This change is so slow and subtle, that it becomes very difficult to notice unless you actively look for it.

This could slowly lead to your customers starting to feel that doing business with your team is not easy or smooth. This is early indication that you are getting in the danger zone.

If unchecked, this could slowly lead your customers to feel being bullied, resulting in them dropping thier business with you at the first possible instance.

Some early signs that should warn you of this could be

  • Customers complain that doing business with you is getting more and more difficult. 
  • Winning in the market becomes the single most important thing for your sales team that they want to do it at any cost.
  • Customer satisfaction starts going down for no obvious reason.
  • Your sales continue to grow despite a slowing economy. This could either be due to the great value proposition that you have for your customers or due to your sales teams squeezing business from your customers. You need to be able to see the reality and adjust instead of believing one to be true than the other.
  • You start losing customers for no obvious reasons to hitherto unknown competitors.

No customer will come forward and tell you how they feel about doing business, unless you start noticing these little things.

Nothing can be as damaging as finding this out late, as by then, there is nothing you could do to correct it.

The more successful you are in your market category, the more prone you are to this challenge.

Do take time to notice and react.. Do you agree with my observation? Share your thoughts on this post by commenting below or by tweeting to me at @rmukeshgupta.

Future of customer service in a social world

October 9, 2012 1 comment

In the good old days, if we had to contact our bank or for that matter any business, we used to reach out to our phones and give them a call.

The call would then be routed to a call center (usually, after about 10-15 minutes of listening to some music that would be played while we waited for an agent to get free and take our call).

This, of course would be after having had to find our way through the maze of options (which used to be so complicated that it required us to be entirely focused on the options, blacking out everything else in life).

Then the times changed. Emails got ubiquitous and we could write an email to contact with the business. However, we still used the phone as the primary means for contacting someone at the business who could help us solve whatever it was that we were trying to solve.

The businesses still continued to invest in the contact center (some continued to have this in-house, while most of them out-sourced this to some organization in India or Phillipines or wherever they could get the lowest cost labor).

Then the times changed again! The social media revolution started and we got Facebook, twitter and all the other social media tools. The marketing teams in all these businesses wanted to ride on this wave and created twitter handles for their organizations.

This was an important moment!  

People now could tweet their complaints to these businesses directly and openly! Most important aspect was that this was out in the open which could potentially damage the reputation of the business. So,  businesses would be forced to respond to ensure that the complaint doesn’t get out of hand.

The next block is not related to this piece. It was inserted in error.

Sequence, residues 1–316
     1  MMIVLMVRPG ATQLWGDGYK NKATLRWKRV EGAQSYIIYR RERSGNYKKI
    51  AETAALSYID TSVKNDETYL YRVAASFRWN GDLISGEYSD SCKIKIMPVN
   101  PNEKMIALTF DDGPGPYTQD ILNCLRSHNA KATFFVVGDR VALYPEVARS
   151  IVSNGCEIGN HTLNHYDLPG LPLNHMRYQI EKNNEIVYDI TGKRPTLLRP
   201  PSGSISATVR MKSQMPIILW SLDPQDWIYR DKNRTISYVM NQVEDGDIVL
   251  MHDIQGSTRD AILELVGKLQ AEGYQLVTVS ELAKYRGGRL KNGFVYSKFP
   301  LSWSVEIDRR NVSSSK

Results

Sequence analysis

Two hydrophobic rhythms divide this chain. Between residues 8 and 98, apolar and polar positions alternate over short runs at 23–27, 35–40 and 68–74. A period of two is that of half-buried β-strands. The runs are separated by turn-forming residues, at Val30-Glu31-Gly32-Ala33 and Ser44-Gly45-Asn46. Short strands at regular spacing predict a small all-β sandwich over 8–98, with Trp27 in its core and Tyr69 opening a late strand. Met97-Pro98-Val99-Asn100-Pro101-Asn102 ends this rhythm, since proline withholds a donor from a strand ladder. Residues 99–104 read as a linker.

This indicates a definite shift of customer behavior. Now, whenever, I have a complaint or want to contact a business, the first thing to do is to check if they have a twitter handle. If they do, then tweet my question or complaint to them directly instead of going through their call center.

This indicates that businesses are now required to monitor both the social media channels (twitter, Facebook, etc) and also maintain their call centers (for their customers who still would like to talk to someone who don’t have a social profile yet and would hence like to talk to someone at the business.

Now, there is a choice for the business:

–       Continue with the status quo and manage both the social and the call center channel

–       Re-look at the contact strategy

While most of the businesses so far have been taking the 1st option, more and more businesses are now looking at the 2nd option.

Some options that businesses have if they decide to re-look at their customer contact strategy  are:

–       Make the social channels the main channel for all customer contact and use the call center as the secondary channel (primarily used to escalate). There are some distinct advantages that this strategy offers:

  • Improved customer service :
    • You are now forced to have an exceptional service (as the reputation of your business is at stake, and in the open), which in the long term will help the business.
    • When other customers see that you are providing a great service, this improves the brand value of your business and creates a positive spiral.
  • Reduced cost:
    • You could use technology solutions for monitoring and responding the queries on social media.
    • You could re-deploy some of the call center agents in more productive roles and reduce the overall cost of managing the service team.
  • Improved brand equity:
    • By making the social channels as the primary channel for contact with customers, you are now enabling or ensuring that your customers connect with you on these social channels. This will enable you to identify your customers, their influencers. You can now participate and engage them in productive dialogues.